Decanting is an optional and controversial step in serving wine, involving pouring wine out of its bottle into another container called a decanter.
Reasons for decanting
1. Separating the sediments
The most obvious reason for decanting a wine is to separate it from any sediment that has formed in the bottle which not only looks unappetizing in the glass, but usually tastes bitter. Before winemakers mastered the art of clarification, decanting was necessary for all wines. Today, such a justification of the decanting process effectively limits it to those wines outlined in ageing as capable of development in bottle, in most of which some solids are precipitated as part of the maturation process. Vintage and crusted ports in particular always throw a heavy deposit (since they are bottled so early in their evolution), as do red wines made with no or minimal filtration.
2. Changing aromas and flavours
Another, traditional but disputed, reason for decanting is to promote aeration and therefore encourage the development of the wine’s bouquet. Authorities as scientifically respectable as the late Professor Émile Peynaud argued that this is oenologically indefensible: that the action of oxygen dissolved in a sound wine when ready to serve is usually detrimental and that the longer it is prolonged— i.e. the longer before serving a wine is decanted— the more diffuse its aroma and the less marked its sensory attributes. His advice is to decant only wines with a sediment, and then only just before serving. If they need aeration because of some wine fault such as reduction or mercaptans, then the taster can simply aerate the wine by agitating it in the glass.
However, there are certain types of wines, ultra-traditional barolo most obviously, which may not have been included in Professor Peynaud’s experiments with decanting regimes, which can be so concentrated and tannic in youth that to lose some of their initial sensory impressions is a positive benefit.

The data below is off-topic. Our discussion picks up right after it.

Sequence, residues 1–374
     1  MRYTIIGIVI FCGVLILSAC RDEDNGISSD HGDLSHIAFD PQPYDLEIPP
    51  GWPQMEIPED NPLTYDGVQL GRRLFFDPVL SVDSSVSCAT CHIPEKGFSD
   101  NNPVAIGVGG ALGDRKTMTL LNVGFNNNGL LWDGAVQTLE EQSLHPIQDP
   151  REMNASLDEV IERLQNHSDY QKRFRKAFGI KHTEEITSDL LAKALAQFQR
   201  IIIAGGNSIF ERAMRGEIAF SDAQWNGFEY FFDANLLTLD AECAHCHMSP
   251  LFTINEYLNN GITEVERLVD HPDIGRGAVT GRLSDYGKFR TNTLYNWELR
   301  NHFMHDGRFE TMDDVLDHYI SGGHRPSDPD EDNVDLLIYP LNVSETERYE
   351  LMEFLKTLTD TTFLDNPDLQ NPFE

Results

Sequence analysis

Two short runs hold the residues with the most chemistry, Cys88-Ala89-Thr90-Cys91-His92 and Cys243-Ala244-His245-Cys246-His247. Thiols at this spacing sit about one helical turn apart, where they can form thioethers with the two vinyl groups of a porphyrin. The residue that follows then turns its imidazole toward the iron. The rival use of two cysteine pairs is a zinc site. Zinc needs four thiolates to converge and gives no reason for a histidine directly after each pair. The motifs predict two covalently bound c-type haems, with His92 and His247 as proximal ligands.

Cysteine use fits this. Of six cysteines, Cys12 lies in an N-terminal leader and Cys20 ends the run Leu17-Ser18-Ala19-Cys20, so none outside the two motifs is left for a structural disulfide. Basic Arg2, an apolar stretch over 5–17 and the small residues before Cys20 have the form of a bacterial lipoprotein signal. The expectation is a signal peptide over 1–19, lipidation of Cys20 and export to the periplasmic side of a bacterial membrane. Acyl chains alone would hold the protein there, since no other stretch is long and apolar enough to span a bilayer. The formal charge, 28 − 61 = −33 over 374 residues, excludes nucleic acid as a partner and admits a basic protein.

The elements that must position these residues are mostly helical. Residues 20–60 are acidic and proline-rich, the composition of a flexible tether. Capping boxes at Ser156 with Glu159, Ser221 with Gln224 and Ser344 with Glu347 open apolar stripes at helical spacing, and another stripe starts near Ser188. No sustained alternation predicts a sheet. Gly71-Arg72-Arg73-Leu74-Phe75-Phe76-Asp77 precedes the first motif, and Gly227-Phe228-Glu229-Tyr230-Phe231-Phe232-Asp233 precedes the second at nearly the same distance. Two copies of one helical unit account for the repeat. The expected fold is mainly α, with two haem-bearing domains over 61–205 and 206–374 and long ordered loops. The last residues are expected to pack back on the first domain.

3. Helping service
There is also the very practical fact that many hosts find it more convenient to decant before a meal is served rather than in the middle of it. There are also people who enjoy the sight of (perhaps both red and white) wine in a decanter so much that they are prepared to sacrifice the potential reduction in gustatory impact.
How to decant?
Some authorities argue that bottles that have been stored horizontally should be disturbed as little as possible before being decanted, so transfer them to either a decanting cradle or a (much more expensive) decanting machine. The alternative and more common method involves much more contact between the deposit and the clear wine, standing the bottle upright for as long as possible before opening, certainly a few hours for wines which have a great deal of sediment, to allow the sediment to fall through the wine to the base of the bottle.
Whichever method is used, ensure that the decanter looks and smells absolutely clean, and find a strong light source against which the bottle can be held (a candle, flashlight, desk light, or unshaded table lamp will do). After opening the bottle, as gently as possible, and wiping the lip of the bottle clean to avoid any possible contamination, particularly if the capsule is old enough to contain lead, steadily pour the contents of the bottle into the decanter watching the lower shoulder of the bottle with the light source behind it. The sediment should eventually collect in the shoulder and the pouring action can be halted
To extract maximum volume of liquid from a bottle with sediment, or if there is no time to let all the sediment fall to the bottom of the bottle, or if a cork collapses into fragments in the bottle during extraction, the wine can be filtered into the decanter through clean fabric such as muslin, a paper coffee filter, or a special inert wine filter.
Does every bottle of wine need decanting?
In conclusion, decant or not will depend on the nature of the wine bottle as well as your service demand. To make a party more formal and served easily, you can completely decant wine right before serving or just before the party. Depending on the quality of wine, we should use decanting for wine that have signs of sealed odor, signs of sulfur or carbonic smell or have appeared sediment llike some unrefined wines or wines aged 5 years or more. To check, you can leave the bottle stand still for an hour and check under the light for the sediment at the bottom of the bottle. In addition, some strong wines coming out of the cellar not long should be decanted before serving to soften the structure and flavor, such as Barolo, Amarone of Italy, Cahors of France, some lines of Cabernet Sauvignon of Napa Valley, USA, ...